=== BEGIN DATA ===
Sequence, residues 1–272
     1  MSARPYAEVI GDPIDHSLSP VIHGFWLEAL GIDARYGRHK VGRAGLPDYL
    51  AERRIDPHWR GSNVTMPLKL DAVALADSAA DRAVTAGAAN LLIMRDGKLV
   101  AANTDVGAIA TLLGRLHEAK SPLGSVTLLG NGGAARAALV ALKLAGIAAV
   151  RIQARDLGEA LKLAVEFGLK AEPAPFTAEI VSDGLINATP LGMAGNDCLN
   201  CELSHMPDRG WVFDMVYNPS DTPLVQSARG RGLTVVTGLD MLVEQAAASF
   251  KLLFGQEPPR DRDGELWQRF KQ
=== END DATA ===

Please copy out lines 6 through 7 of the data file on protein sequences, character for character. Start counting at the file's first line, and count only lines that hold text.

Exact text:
   201  CELSHMPDRG WVFDMVYNPS DTPLVQSARG RGLTVVTGLD MLVEQAAASF
   251  KLLFGQEPPR DRDGELWQRF KQ